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News > Member News > New cancer research programme genomic profiling gives patients second chance

New cancer research programme genomic profiling gives patients second chance

9 Mar 2022
Member News

A new research programme in Auckland is investigating how rare cancers can be better diagnosed and treated.

The programme, for Auckland's Regional Cancer and Blood Service, is part of an Australian-based clinical trial called the Cancer Molecular Screening and Therapeutics (MoST), and is the first of its kind in New Zealand.

Cancer patients who have exhausted other treatment options can have their specific cancer analysed using genomic profiling, to determine if other more targeted therapies are available.

Based at Auckland City Hospital, the programme is in collaboration with the University of Auckland and genomic profiling company Foundation Medicine, part of healthcare company Roche.

Genomic profiling is a diagnostic tool that interrogates a cancer sample at the genetic level, allowing oncologists to look into each person's cancer more deeply.

This then provides clues towards the cancer's specific genetic make-up, allowing clinicians to treat the cancer in a more targeted way, says genomic profiling lead for Roche in New Zealand Stuart Ryan.

"Cancer can be defined in terms of the genetic changes that make it grow and divide," he said.

"And if you can identify those genetic changes, it gives you the opportunity to be able to look at what treatments could be used to target that particular genetic change."

Studies using genomic profiling aim to identify genes that change in cancer, so drugs can be developed to target and suppress those changes, allowing patients to live better and longer.

"As this technology develops and we find more and more genetic changes in cancer, pharmaceutical companies like Roche are developing drugs that target these different genetic changes."

"Those drugs are generally much more effective than a generic therapy like chemotherapy, as opposed to something that directly targets the genomic change in someone's cancer."

In one example, a New Zealand farmer underwent genomic profiling after two failed therapies for advanced lung cancer.

"In that particular case, the patient had exhausted all other available therapies and the test was able to identify a particular genetic change, and there was a targeted therapy available to treat that genetic change," Ryan said.

"That patient is now, after three years going on that drug, well and healthy and living life to the full."

The programme was the first step in researching how the technology worked in a New Zealand setting, he said.

"What we're here to do is support Auckland Hospital and the university to be able to achieve their goals, and look at how we can bring this technology to New Zealand quicker."

The research programme began last year with the first test result taken in October.

Auckland Hospital's principal investigator Dr Michelle Wilson, a medical oncologist and service clinical director for Cancer and Blood Research, says 17 patients have now consented to genomic testing of their cancers.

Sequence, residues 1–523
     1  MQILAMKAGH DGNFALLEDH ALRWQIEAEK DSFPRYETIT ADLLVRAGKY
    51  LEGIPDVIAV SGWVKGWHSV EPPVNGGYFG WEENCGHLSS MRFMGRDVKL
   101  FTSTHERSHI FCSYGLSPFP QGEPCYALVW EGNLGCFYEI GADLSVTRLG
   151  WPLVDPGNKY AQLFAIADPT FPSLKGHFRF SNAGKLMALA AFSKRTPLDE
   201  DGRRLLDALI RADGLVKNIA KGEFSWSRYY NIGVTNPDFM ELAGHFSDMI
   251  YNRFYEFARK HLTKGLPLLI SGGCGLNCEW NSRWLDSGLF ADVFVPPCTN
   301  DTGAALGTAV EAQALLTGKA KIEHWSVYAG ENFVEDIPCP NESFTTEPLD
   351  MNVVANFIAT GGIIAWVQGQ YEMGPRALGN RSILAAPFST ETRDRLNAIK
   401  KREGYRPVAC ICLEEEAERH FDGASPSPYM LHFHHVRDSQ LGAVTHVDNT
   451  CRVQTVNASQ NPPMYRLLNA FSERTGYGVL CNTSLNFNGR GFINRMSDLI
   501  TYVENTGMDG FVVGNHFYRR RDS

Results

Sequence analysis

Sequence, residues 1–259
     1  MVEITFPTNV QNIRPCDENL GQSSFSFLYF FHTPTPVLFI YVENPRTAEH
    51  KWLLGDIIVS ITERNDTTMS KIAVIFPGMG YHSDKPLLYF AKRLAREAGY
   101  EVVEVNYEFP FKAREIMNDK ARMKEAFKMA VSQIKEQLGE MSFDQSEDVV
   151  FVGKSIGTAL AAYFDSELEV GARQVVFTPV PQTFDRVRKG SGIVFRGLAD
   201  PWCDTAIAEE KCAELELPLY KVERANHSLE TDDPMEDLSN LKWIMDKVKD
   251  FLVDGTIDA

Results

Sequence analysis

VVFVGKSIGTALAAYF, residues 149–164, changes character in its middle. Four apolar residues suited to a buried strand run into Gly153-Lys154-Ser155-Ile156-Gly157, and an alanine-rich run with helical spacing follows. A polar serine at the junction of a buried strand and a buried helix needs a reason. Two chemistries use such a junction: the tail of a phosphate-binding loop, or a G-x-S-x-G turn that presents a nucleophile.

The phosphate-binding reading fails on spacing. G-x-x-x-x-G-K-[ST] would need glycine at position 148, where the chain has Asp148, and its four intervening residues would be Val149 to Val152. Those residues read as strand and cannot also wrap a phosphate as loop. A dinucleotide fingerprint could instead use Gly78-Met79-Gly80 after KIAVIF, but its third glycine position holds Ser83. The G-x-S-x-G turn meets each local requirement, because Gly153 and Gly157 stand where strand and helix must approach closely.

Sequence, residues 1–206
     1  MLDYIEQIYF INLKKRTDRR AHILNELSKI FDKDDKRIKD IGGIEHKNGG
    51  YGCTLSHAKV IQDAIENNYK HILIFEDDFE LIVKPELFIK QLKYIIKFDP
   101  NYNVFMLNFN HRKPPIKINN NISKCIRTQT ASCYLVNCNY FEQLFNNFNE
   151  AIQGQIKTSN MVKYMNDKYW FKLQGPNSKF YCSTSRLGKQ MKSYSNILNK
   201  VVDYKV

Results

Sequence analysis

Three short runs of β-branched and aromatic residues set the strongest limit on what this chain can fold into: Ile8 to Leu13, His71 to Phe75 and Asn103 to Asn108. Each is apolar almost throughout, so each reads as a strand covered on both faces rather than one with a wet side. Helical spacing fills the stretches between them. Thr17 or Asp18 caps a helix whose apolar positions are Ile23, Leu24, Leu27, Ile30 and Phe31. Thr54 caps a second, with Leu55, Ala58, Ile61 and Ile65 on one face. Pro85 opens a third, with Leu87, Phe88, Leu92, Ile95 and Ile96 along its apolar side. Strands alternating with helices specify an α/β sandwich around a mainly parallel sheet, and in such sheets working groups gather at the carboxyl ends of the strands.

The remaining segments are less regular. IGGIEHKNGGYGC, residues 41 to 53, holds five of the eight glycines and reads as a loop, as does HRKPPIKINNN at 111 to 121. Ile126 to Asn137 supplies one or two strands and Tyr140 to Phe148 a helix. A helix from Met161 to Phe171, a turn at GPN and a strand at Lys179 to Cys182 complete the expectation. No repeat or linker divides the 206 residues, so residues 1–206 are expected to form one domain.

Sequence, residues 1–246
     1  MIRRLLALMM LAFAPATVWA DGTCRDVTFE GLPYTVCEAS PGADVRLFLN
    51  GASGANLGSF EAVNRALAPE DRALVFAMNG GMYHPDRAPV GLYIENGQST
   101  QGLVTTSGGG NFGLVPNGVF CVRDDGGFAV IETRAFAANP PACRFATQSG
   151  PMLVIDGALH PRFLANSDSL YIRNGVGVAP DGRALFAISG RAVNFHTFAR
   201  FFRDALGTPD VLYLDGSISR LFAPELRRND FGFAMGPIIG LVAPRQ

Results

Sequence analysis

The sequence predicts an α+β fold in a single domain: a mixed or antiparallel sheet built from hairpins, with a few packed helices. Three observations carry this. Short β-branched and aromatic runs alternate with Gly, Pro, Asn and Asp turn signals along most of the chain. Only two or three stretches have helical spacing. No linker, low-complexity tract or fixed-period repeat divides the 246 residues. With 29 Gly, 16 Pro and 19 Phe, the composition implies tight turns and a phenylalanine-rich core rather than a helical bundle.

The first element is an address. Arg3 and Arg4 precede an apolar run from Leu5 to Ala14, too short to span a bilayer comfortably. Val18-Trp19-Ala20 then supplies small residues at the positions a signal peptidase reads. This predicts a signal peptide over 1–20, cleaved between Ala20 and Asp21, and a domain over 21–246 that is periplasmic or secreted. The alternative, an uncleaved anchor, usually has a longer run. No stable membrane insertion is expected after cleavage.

"We're aiming to do at least 200 in the next two years, but that's just our starting point," she said.

"We're mainly concentrating on rare cancers and that's where it started in Australia … focusing on rare cancers, particularly where we don't have good treatment options."

"This is not going to cure people, but it's about trying to ensure people live longer and live better."

While genomic profiling is normally a self-paid test, there would be no cost to the patient through the clinical trial.

An important aspect of the study was also the insight gathered from interviewing patients, Wilson said.

"One of the exciting things about this project beyond just the genomic testing is that it has a lot of qualitative research – it asks the patient a lot about what they want and what they expect," she said.

"That's going to give us really valuable information about how best to move genomic testing forward as well, because we have the patient voice which is so important."

Beginning in Syndey in 2016, MoST research is now underway in multiple sites across Australia. While Auckland City Hospital is the first New Zealand public hospital to take part in the research, Wilson hopes it will also grow throughout the country in the future.

"The aim is that with what we learn we will be able to make it a permanent part of what we can offer to people on a wider scale."

Auckland University professor in molecular medicine and pathology Cristin Print describes the programme as an "energetic partnership" between the university, Auckland DHB and Roche.

The programme was funded throughout its set-up phase with funding from each of the three parties and a grant from the university's Centre for Cancer Research.

Print said the programme was the fastest way to bring the benefits of genomic precision medicine to Auckland patients.

"By including ethically approved research at the centre of this trial, we learn more from every patient about the genetic re-wiring that drives tumours."

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